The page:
It can be confusing and complicated trying to understand how Universal Credit will work for you. Past Centrepoint research has shown that many young people struggle with the initial claims process and it can be difficult to contact the Jobcentre Plus or DWP directly about a claim.
We have updated our guides to understanding Universal Credit. There are two guides: one for young people living in general accommodation, and another for young people living in supported accommodation. We hope these will be a helpful tool for making sense of the Universal Credit claims process and how it will work for you. In them, we answer the questions that matter most to young people, such as:
- What is Universal Credit? Can I claim it and will it pay my rent?
- How can I make a claim for Universal Credit? Including what information you need for the form, how much money you can get, how long you will have to wait to receive it.
- How do I manage my claim?
- What are my responsibilities and sanctions?
- What if I start work?
- Is there any extra support available?
The main updates since our last Universal Credit guides were published include new benefit rates, which have risen by 3.1% from April 11. This is, however, well below inflation, which rose by a record 6.2% in the 12 months to February 2022. Additionally, the new benefit rates are significantly below what many people would have been receiving during the pandemic with the £20 uplift in Universal Credit. You can read our research report on the impact of the £20 Universal Credit cut on homeless young people here.
Another update to the Universal Credit guides is the change to the taper rate. The taper rate is the amount your Universal Credit is reduced by after you earn more than your work allowance. From last year, this has reduced from 63% to 55% - so for every £1 you earn from work, you will lose 55p from your Universal Credit claim. There are some obvious issues with this system: some young people on benefits and living in supported accommodation can often be worse off financially if they work more hours. For more details on this issue, you can listen to our podcast ‘Point Made’ which is co-created by young people and focuses on the topics that matter most to them.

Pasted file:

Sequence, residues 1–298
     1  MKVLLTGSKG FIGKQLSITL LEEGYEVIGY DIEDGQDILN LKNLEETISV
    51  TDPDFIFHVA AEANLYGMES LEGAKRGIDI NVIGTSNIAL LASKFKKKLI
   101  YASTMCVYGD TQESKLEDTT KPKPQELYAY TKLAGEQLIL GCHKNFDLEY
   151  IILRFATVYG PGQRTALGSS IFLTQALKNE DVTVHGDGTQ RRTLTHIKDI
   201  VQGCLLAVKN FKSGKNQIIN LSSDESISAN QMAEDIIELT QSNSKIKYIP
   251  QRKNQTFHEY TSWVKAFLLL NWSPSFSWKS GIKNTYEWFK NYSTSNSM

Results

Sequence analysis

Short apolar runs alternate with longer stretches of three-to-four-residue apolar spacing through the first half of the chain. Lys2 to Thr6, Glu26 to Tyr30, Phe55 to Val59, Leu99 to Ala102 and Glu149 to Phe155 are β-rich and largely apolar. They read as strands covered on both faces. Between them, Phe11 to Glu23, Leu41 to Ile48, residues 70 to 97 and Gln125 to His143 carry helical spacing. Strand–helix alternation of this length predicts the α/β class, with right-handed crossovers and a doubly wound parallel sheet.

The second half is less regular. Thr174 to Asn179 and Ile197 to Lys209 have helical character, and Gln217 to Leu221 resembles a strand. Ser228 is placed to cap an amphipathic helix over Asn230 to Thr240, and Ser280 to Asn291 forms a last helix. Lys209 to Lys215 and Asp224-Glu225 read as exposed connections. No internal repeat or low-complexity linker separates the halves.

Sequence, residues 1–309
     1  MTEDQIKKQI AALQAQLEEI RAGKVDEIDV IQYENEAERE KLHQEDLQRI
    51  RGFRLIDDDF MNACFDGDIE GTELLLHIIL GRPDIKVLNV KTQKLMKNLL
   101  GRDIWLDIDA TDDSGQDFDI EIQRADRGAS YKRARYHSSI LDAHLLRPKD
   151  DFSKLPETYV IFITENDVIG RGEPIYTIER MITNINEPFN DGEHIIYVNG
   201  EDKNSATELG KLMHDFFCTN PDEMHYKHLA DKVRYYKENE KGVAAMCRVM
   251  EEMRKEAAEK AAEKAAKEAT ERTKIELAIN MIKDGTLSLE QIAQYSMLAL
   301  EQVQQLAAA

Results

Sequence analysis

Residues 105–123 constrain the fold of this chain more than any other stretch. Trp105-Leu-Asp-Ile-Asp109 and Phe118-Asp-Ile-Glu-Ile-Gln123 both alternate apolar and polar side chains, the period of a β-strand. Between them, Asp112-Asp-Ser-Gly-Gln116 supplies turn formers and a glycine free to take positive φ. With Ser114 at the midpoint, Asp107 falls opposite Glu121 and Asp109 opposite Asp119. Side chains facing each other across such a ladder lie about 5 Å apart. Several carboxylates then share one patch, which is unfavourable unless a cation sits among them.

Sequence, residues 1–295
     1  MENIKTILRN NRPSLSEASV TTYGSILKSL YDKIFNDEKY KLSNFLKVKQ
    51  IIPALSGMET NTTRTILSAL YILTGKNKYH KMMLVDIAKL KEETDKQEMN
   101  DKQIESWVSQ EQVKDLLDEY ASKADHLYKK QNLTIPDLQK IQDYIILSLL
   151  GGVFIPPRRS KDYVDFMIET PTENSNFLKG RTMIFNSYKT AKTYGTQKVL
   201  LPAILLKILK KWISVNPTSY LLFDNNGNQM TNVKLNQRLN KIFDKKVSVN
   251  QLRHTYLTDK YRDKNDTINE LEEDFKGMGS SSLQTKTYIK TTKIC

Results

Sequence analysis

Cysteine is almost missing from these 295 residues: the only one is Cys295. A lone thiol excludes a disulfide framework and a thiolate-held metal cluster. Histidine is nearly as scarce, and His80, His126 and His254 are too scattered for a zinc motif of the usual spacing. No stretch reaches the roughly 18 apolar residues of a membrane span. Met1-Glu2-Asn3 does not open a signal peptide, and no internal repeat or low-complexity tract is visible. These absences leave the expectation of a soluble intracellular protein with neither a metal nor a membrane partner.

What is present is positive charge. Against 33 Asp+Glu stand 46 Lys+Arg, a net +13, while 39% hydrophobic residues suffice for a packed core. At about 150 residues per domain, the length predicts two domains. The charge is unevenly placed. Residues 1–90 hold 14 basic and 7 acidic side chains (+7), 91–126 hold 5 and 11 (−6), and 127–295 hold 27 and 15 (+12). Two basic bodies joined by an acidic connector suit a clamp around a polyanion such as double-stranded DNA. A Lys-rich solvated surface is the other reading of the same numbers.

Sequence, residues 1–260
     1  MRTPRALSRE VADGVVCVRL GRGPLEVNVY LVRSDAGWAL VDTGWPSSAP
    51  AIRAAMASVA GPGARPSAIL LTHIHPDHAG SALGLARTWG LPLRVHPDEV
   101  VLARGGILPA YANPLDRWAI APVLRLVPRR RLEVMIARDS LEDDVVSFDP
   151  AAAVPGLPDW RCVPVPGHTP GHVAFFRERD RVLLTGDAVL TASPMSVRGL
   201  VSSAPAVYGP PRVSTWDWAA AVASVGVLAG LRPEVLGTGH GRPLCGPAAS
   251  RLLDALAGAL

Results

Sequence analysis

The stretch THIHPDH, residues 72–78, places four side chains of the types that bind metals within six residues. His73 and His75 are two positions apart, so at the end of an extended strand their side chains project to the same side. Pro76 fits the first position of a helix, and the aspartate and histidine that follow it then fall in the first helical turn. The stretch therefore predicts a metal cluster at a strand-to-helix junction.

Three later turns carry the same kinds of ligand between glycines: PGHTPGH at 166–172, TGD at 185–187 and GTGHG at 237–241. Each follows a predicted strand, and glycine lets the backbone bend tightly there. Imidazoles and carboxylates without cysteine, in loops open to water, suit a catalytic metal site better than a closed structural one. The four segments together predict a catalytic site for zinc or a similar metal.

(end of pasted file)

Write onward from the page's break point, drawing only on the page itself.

More needs to be done
At Centrepoint, our mission is to end youth homelessness. But the cost of living crisis has pushed homeless young people even further into financial hardship and will likely mean they’ll have to make some really difficult decisions regarding their expenses. This puts them at an increased risk of losing a place to live, and makes it almost impossible to find and keep a home.
We’ve designed an interactive decision-making quiz which asks you to step into the shoes of a homeless young person (or at risk of homelessness) based on one of three potential stories, and spend a set monthly allowance based on the Universal Credit rate for under 25s. Give the quiz a go and gain a better understanding of the types of pressures young people face every day.
We are unwavering in our mission: we want to end youth homeless. To ensure vulnerable young people are able to move on to independence. Tackling this means our campaign priorities relating to Universal Credit include:
- Introducing a new Youth Independence Payment of £16.06 per week for young people living independently without family support: This would raise their overall Universal Credit entitlement to the rate that over 25s receive in recognition that they face the same living costs.
- Making Work Pay: Reinstate work allowances for under 25s living in supported accommodation to help this group to access work and ease the transition from benefits to paid employment.